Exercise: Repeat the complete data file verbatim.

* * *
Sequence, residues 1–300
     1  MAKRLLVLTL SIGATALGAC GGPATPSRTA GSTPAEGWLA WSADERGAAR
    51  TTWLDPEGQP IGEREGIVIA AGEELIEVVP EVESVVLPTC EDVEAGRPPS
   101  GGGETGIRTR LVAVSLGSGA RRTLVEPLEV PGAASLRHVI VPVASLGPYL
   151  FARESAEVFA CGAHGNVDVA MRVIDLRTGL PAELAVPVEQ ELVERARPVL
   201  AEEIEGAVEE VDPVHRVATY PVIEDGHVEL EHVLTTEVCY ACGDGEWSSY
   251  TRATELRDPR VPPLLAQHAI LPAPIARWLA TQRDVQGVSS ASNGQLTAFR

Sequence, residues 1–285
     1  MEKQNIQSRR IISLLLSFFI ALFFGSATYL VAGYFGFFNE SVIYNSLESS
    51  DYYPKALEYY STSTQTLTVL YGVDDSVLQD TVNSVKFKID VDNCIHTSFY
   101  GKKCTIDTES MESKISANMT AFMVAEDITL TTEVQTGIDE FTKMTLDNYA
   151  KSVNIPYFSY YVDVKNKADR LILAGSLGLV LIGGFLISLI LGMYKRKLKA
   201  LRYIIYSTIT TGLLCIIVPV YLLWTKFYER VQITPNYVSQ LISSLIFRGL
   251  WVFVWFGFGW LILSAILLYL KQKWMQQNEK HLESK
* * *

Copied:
Sequence, residues 1–300
     1  MAKRLLVLTL SIGATALGAC GGPATPSRTA GSTPAEGWLA WSADERGAAR
    51  TTWLDPEGQP IGEREGIVIA AGEELIEVVP EVESVVLPTC EDVEAGRPPS
   101  GGGETGIRTR LVAVSLGSGA RRTLVEPLEV PGAASLRHVI VPVASLGPYL
   151  FARESAEVFA CGAHGNVDVA MRVIDLRTGL PAELAVPVEQ ELVERARPVL
   201  AEEIEGAVEE VDPVHRVATY PVIEDGHVEL EHVLTTEVCY ACGDGEWSSY
   251  TRATELRDPR VPPLLAQHAI LPAPIARWLA TQRDVQGVSS ASNGQLTAFR

Sequence, residues 1–285
     1  MEKQNIQSRR IISLLLSFFI ALFFGSATYL VAGYFGFFNE SVIYNSLESS
    51  DYYPKALEYY STSTQTLTVL YGVDDSVLQD TVNSVKFKID VDNCIHTSFY
   101  GKKCTIDTES MESKISANMT AFMVAEDITL TTEVQTGIDE FTKMTLDNYA
   151  KSVNIPYFSY YVDVKNKADR LILAGSLGLV LIGGFLISLI LGMYKRKLKA
   201  LRYIIYSTIT TGLLCIIVPV YLLWTKFYER VQITPNYVSQ LISSLIFRGL
   251  WVFVWFGFGW LILSAILLYL KQKWMQQNEK HLESK